Bothwell Lodge was ahead of its time

Owner’s desire to cut costs gave rooms character
Sunday, July 11, 2004 | 12:00 a.m. CDT; updated 4:49 p.m. CDT, Saturday, July 19, 2008

SEDALIA — A spooky feeling pervades the old Bothwell Lodge in northern Pettis County. With its winding staircases, a secret passage and hidden compartments throughout, the centerpiece of Bothwell Lodge State Historic Site seems the perfect place for ghosts to take up residence.

Prominent attorney and legislator John Bothwell began construction of the lodge in 1897, but it wasn’t finished until 1928. What started as a cottage for spring and summer grew to become a blufftop mansion of more than 12,000 square feet as three additions were built to accommodate guests and create space for parties.

The 31-room lodge was built in four phases, with different architects working on each section. Its design features walls that jut out at unconventional angles, several secret compartments that Bothwell used to store important legal documents and a hidden passage that runs from a hall closet to the basement boiler room. The lodge was a modern wonder when it was built, equipped with indoor plumbing and a Delco electric lighting system.

It also came with a view. Constructed on the highest bluff in Pettis County, it allows visitors to see for miles as they gaze out south-facing windows from the top level of the house.

The bluff not only served as the perfect site for the house but also provided much of the material. “All the rock used for the house was found on site,” Bothwell tour guide Marissa Cowen said.

Although Bothwell was wealthy, he was also frugal. Instead of buying paint for the walls, he used plaster that was tinted brown. Plaster on bathroom walls was scored to give a tile-like appearance and save money. And he liked to use newspapers as table linens, both to save a few pennies and to spark conversation with dinner guests.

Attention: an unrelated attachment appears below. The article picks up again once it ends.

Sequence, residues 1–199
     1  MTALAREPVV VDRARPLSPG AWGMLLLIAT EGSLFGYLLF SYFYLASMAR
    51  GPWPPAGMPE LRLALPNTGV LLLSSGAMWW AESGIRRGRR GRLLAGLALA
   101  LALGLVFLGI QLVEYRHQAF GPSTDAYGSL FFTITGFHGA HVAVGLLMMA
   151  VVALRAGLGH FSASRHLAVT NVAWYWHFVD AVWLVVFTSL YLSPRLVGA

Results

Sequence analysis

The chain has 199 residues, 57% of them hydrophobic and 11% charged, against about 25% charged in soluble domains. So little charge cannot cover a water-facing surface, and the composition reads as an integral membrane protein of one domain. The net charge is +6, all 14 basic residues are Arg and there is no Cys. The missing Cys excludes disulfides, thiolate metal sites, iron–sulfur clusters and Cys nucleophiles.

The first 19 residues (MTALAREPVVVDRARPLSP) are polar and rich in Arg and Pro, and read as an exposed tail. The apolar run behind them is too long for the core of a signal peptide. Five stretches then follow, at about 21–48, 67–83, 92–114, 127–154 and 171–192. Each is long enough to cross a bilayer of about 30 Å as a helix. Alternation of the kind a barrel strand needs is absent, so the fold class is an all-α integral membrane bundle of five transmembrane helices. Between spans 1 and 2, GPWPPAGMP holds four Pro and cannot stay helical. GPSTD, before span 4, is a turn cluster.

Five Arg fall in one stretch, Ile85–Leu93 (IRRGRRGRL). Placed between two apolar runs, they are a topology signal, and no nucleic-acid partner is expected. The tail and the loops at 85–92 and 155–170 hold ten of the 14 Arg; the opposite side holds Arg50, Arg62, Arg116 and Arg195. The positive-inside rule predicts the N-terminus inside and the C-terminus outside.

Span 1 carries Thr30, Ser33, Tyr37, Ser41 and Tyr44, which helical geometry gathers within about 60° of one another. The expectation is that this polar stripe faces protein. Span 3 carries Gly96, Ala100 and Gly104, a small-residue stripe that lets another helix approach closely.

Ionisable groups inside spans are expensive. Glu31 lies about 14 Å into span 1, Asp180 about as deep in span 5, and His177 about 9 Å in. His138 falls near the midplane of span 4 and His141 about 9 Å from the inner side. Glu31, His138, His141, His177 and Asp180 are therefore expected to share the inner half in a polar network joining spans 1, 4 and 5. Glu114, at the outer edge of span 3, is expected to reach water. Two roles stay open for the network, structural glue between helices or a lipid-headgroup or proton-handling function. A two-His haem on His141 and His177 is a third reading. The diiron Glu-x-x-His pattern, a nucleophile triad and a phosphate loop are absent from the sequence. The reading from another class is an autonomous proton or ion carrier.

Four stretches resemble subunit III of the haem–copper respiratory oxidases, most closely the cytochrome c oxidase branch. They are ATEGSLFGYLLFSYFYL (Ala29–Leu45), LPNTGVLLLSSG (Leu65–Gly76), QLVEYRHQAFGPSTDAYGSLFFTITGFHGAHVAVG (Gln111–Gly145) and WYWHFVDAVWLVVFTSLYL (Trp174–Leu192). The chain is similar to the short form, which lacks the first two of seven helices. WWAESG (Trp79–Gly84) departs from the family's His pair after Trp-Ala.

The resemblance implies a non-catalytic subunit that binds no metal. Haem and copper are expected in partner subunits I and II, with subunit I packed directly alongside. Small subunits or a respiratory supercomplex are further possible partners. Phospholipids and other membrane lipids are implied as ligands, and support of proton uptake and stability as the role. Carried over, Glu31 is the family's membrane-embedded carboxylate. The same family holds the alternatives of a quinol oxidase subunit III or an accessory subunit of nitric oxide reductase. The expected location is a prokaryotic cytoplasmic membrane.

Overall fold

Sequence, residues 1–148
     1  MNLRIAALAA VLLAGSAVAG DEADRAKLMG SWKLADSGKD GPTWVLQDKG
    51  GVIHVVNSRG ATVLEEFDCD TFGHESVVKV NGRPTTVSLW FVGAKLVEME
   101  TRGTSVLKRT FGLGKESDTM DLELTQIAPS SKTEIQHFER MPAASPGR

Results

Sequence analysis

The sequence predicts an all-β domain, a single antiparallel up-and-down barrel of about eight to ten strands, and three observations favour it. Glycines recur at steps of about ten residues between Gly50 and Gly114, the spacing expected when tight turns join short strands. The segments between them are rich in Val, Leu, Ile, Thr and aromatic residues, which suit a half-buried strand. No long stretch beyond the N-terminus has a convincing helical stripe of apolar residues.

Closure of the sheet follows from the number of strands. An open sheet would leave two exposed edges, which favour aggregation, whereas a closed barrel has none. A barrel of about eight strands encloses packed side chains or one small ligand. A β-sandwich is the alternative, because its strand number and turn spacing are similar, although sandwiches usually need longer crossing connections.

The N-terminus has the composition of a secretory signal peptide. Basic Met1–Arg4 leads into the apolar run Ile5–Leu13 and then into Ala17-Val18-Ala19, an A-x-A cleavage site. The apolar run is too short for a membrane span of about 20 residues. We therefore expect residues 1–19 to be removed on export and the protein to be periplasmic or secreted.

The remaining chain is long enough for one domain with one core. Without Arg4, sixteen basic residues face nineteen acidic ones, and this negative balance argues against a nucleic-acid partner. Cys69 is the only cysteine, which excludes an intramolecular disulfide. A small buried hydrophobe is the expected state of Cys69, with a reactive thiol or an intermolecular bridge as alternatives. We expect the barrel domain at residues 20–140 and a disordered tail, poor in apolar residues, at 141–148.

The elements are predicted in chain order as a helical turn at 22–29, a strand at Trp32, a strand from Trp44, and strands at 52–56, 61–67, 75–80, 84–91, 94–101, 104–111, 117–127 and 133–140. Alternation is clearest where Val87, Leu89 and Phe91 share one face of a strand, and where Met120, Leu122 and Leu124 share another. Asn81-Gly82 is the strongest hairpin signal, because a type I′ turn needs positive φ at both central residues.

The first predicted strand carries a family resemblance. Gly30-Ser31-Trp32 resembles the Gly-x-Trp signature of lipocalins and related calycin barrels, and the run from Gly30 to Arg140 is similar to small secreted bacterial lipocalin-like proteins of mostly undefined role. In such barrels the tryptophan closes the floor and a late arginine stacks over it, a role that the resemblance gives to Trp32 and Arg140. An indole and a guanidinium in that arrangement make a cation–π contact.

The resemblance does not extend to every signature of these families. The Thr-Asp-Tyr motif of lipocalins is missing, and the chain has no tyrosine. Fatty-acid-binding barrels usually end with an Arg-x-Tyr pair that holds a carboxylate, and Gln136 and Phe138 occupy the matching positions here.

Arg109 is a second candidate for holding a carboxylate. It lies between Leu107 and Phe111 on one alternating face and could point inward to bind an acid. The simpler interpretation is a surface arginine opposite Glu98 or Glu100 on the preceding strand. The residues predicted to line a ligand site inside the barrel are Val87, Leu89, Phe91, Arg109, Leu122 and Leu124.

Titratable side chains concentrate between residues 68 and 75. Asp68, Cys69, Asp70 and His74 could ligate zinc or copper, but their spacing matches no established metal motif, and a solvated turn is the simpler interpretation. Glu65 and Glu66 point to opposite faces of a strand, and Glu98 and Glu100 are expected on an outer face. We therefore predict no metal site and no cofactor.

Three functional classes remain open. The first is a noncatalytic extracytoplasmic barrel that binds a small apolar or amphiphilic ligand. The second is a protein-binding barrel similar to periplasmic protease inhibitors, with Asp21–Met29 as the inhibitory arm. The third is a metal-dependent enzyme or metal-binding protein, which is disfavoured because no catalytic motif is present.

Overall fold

“He knew ways to cut his costs,” Cowen said. But the bill for the lodge was still hefty. Bothwell spent about $44,000 on the mansion, which Cowen said would equal about half a million dollars by today’s standards. .

Though the house is impressive, Bothwell liked to say that it wasn’t the lodge but its guests that made it special. Bothwell enjoyed hosting visitors and at one point had 37 people stay for two weeks. Guests would spend their days canoeing, hiking and picnicking but spend their nights around the dinner table, enjoying meals that Bothwell cooked.

Bothwell made the lodge his permanent residence in 1926. When he died in 1929, he left the home to a group of friends and family called the Bothwell Lodge Club. His will stated that the home would be offered as a gift to the state of Missouri when fewer than five members of the club remained. The state took possession of the lodge in 1974.

Today, visitors can still enjoy hiking trails, picnic areas and tours of the home, which is cooled by air from one of the three caves underneath the house.

Alisha Dunay, 11, toured the lodge in June with her family. “I thought it was really cool going in the really high places,” she said.

Jim Dougherty has toured the house twice and said he was impressed. “He was a man ahead of his time,” he said of Bothwell.

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